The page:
Research over the last few years has identified human error as a leading cause of data breaches in workplaces around the world.
One good example is the 2016 Shred-it Security Tracker, which showed a significant 24% of all Canadian data breaches were caused by employee negligence or human error.
What are the most common employee errors in the workplace that lead to data breaches?
- Falling for a phishing scam. Employees will receive emails from fraudulent sources that try to lure them to download malicious files or click on a link to an exploit-laden site. According to the 2016 Verizon Data Breach Investigations Report, 30% of these messages were opened and 13% of employees went on to open a malicious attachment or link.
- Losing a laptop. Laptops containing confidential information are the most common stolen or lost devices across all industries – they go missing from the work area (39%) or a vehicle (34%), according to the Investigations Report.
- Privilege abuse. Information theft can occur when employees have unnecessary access to information, or access isn’t halted after an employee leaves the company or has been reassigned, according to BakerHostetler’s 2016 Data Security Incident Response Report.
- Security mistake. Close to half of the organizations in the research from Shred-it cited ‘lack of knowledge’ and ‘human error’ around information security protocols as the biggest threats to their company. These types of errors included sending sensitive data to the wrong person.
- Passwords. The Verizon report showed that 63% of data breaches involved weak, stolen, or default passwords.
- Improper disposal of information. The Shred-it research identified a lack of protocols for storing and disposing of confidential paper and electronic data. “With little training on information security procedures, employees are forced to make the decision as to what is and what isn’t considered confidential,” said an online statement.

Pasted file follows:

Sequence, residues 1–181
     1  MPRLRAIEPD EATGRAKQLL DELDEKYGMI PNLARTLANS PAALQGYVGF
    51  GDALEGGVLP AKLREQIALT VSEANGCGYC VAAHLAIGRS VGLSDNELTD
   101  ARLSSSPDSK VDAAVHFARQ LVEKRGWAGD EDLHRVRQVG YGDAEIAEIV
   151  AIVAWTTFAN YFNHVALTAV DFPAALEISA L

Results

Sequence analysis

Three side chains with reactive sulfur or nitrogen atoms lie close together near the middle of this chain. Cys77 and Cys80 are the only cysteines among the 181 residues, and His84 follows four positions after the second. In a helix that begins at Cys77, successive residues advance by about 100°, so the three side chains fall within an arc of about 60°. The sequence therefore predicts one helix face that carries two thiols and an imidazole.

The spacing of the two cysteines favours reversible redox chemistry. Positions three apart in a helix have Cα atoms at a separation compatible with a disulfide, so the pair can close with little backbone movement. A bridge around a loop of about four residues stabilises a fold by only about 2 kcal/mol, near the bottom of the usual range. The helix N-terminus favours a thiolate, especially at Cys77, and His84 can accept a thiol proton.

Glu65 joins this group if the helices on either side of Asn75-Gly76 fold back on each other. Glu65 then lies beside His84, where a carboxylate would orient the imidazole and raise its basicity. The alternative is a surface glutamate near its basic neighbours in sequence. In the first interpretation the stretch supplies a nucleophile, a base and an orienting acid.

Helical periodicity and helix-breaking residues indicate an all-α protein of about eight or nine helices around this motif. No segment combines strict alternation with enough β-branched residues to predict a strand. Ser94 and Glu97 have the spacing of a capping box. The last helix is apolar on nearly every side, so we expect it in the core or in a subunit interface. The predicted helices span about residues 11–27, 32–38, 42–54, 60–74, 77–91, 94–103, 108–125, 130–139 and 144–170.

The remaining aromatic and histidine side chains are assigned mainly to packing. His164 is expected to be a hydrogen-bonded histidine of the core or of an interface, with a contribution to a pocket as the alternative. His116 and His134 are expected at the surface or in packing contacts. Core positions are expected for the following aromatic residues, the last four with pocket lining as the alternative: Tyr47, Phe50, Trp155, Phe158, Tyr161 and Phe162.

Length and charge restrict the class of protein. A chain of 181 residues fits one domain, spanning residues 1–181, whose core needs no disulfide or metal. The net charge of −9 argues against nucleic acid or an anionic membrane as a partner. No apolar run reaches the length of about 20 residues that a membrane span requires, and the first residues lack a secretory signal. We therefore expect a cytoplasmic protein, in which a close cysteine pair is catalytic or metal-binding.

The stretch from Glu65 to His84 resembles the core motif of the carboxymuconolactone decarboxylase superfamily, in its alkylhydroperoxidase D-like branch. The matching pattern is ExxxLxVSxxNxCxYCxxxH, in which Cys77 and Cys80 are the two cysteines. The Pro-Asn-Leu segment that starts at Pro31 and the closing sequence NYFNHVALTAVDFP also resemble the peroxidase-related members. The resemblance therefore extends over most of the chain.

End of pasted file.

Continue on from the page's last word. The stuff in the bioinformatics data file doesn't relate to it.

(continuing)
How can an organization stop these mistakes from happening?
- Embed security processes into the workplace. For example, partner with an information destruction company that installs locked consoles – employees simply put confidential documents that are no longer needed into the consoles for secure shredding. Implement a Shred-it All Policy as well so that all documents are shredded.
- Standardize security policies such as a Clean Desk Policy. Employees must clear their work areas, and protect information at all times. Control access to information too.
- Use technology solutions. Utilize two-factor authentication. Patch promptly. Encrypt data. Data loss prevention (DLP) can detect whether sensitive data is being emailed or copied to a USB stick.
- Provide on-going training. Teach employees policies and procedures including practical solutions such as how to avoid scams and password hygiene. In Canada, 39% of small businesses (SBOs) never train employees on information security procedures.
- Protect electronic data. Physically destroy obsolete hardware before disposal. The Shred-it research showed that only 61% of C-Suite executives and 40% of SBOs have a protocol for storing and disposing of electronic data.
Learning how to identity and stop insider fraud can have a direct impact on the bottom line. A typical organization loses 5% of revenues each year due to fraud.